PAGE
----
Colombia Bans Aerial Spraying of Anti-Coca Herbicide

EspañolThe Colombian National Drug Council has moved to suspend the use of glyphosate, a powerful herbicide, to eradicate illegal coca plantations. The decision follows a warning by the World Health Organization last year that the chemical is “probably carcinogenic.”

The World Health Organization warned last year that the herbicide glyphosate is "probably carcinogenic."
The World Health Organization warned last year that the herbicide glyphosate is “probably carcinogenic.” (Daniel D’auria)

“The council by majority has decided to suspend the aerial spraying of glyphosate on illegal crops,” Justice Minister Yesid Reyes said after a meeting on Thursday, May 14.

Reyes added that a technical commission has been created that in one month should “present the recommendation to adjust the anti-drug policy to the new reality after the suspension.”

President Juan Manuel Santos announced on Saturday, May 9, that he would look to halt the use of the herbicide that up to now has been a key element of the US-funded anti-drug effort in Colombia. “Spraying of glyphosate has to be replaced with other mechanisms, for example, intensifying manual eradication,” he said.

More than 4 million acres of land in Colombia have been sprayed with glyphosate to kill coca plants, usually carried out by US contractors.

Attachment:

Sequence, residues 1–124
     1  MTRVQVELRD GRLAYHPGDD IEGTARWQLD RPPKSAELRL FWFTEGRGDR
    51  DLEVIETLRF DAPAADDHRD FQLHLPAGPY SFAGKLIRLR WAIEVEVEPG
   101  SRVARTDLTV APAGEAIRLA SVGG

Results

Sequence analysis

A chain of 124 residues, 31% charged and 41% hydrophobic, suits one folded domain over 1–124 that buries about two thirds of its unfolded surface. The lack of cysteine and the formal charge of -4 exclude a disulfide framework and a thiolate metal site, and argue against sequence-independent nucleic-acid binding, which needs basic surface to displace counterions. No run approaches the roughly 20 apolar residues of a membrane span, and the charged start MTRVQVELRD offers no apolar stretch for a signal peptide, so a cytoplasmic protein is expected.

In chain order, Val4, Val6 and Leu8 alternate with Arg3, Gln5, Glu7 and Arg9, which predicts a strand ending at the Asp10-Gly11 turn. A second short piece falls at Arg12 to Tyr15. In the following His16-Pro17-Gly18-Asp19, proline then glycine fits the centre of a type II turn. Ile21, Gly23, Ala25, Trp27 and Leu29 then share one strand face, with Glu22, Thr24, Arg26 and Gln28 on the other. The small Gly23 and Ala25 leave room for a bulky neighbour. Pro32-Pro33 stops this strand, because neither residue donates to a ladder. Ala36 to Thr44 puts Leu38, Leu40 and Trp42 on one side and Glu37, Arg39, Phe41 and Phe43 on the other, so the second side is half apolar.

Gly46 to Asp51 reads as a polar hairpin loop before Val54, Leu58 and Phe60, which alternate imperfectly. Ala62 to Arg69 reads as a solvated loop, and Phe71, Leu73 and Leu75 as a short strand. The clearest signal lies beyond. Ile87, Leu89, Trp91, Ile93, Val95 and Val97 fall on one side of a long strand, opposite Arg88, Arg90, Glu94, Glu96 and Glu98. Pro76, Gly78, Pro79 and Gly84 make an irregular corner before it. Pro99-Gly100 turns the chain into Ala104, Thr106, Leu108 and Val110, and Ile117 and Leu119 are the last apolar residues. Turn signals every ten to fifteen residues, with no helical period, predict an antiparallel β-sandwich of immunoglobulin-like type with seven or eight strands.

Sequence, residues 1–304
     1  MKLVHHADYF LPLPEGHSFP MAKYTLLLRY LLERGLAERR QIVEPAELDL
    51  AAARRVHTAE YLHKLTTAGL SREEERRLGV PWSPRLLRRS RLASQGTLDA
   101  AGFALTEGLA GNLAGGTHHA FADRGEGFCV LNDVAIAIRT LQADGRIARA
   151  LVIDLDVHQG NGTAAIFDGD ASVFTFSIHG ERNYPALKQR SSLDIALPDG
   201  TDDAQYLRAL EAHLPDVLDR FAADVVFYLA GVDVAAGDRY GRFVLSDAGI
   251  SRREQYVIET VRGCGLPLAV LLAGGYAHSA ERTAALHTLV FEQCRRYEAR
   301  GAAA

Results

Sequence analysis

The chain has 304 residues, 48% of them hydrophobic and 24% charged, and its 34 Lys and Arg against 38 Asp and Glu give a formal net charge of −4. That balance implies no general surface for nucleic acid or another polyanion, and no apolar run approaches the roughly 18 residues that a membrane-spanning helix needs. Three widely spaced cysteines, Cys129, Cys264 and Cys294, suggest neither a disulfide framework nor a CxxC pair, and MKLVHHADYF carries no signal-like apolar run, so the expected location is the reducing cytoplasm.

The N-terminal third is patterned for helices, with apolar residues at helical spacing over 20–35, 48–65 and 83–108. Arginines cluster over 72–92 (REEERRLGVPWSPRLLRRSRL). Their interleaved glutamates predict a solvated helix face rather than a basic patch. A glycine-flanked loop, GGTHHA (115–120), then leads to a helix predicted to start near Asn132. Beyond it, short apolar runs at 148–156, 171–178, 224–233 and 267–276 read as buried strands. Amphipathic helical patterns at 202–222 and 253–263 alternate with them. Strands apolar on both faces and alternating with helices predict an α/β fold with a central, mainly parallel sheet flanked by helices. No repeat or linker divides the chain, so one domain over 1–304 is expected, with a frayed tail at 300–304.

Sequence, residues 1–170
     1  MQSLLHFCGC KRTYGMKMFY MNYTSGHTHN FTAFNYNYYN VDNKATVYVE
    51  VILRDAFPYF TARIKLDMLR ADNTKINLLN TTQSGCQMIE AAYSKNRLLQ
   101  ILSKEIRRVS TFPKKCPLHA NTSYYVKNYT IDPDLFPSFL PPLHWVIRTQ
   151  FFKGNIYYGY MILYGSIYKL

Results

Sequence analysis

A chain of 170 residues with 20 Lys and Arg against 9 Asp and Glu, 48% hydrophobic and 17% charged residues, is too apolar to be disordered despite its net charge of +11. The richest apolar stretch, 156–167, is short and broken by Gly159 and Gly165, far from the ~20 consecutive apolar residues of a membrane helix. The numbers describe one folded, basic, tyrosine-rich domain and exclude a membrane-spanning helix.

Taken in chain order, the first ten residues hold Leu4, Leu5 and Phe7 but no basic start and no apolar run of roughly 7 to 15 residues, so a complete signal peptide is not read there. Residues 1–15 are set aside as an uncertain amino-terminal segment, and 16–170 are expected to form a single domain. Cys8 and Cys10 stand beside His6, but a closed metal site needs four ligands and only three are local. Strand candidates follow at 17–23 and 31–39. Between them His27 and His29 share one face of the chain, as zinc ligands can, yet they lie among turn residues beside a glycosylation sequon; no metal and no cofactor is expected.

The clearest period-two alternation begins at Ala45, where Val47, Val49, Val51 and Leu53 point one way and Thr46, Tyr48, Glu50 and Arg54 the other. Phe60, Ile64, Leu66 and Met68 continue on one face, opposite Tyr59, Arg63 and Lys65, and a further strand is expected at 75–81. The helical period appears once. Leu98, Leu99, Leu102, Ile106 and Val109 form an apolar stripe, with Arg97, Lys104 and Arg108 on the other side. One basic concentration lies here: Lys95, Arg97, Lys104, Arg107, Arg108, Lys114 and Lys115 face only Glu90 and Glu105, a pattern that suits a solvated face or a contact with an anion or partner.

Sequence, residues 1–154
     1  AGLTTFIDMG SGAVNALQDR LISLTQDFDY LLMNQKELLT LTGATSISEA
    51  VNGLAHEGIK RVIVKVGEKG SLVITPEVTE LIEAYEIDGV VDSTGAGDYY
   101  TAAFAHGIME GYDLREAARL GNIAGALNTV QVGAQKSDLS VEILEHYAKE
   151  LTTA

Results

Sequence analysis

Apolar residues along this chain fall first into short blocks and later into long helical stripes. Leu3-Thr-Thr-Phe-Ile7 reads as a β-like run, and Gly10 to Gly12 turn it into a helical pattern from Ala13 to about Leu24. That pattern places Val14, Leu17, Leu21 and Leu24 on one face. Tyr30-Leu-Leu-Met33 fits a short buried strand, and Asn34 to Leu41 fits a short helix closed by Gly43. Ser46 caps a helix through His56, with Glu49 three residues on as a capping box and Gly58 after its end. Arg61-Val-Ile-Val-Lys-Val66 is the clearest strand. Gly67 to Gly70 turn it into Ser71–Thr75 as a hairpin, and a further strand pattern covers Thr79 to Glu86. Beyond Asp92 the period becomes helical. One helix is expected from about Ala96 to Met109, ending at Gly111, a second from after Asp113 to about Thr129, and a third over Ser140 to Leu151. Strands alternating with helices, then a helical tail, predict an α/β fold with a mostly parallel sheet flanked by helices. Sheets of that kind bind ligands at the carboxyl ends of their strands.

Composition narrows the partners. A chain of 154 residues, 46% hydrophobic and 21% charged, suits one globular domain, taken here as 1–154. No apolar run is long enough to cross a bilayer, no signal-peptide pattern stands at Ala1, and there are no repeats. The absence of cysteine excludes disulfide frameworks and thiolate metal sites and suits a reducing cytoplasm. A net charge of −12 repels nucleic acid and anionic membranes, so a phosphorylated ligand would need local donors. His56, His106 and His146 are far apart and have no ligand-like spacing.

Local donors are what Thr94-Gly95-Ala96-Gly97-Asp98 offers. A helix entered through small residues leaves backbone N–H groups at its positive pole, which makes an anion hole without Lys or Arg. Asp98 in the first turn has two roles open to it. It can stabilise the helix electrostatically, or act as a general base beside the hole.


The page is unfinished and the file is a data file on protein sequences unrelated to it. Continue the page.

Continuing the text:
The US ambassador to Colombia, Kevin Whitaker, confirmed the United States will respect Colombia’s decision and will continue to work with Santos’s government to curb coca production.

“Colombia and the United States have developed a number of approaches as part of a comprehensive effort to confront narco-trafficking,” Whitaker said.

The move to ban the herbicide was foreshadowed by a 2014 Constitutional Court decision that said the government should suspend its use if the chemical was deemed harmful.

“His decision to suspend the spraying program suggests that President Santos acknowledges the need to promote reforms not only on the global level but also at home,” US-based Drug Policy Alliance (DPA) chief Ethan Nadelmann said in a release.

“Instead of fumigating its fields and communities with these herbicides, Colombia should focus on alternative programs,” added Hanna Hetzer, coordinator of the DPA’s program for the Americas.

In 2013, Colombia agreed to pay Ecuador US$15 million to settle a lawsuit over economic and human damage linked to spraying along their common border.

Officials say aerial spraying in 2014 covered 55,000 hectares (136,000 acres) in Colombia, down from a 2006 peak of 172,000 hectares (425,000 acres).

Meanwhile, after six consecutive years of decline, the amount of land devoted to coca cultivation in Colombia increased by 39 percent in 2014, rising to 112,000 hectares (about 27,000 acres), according to the White House Office of National Drug Control Policy.

Sources: El Mundo, Diario Libre.

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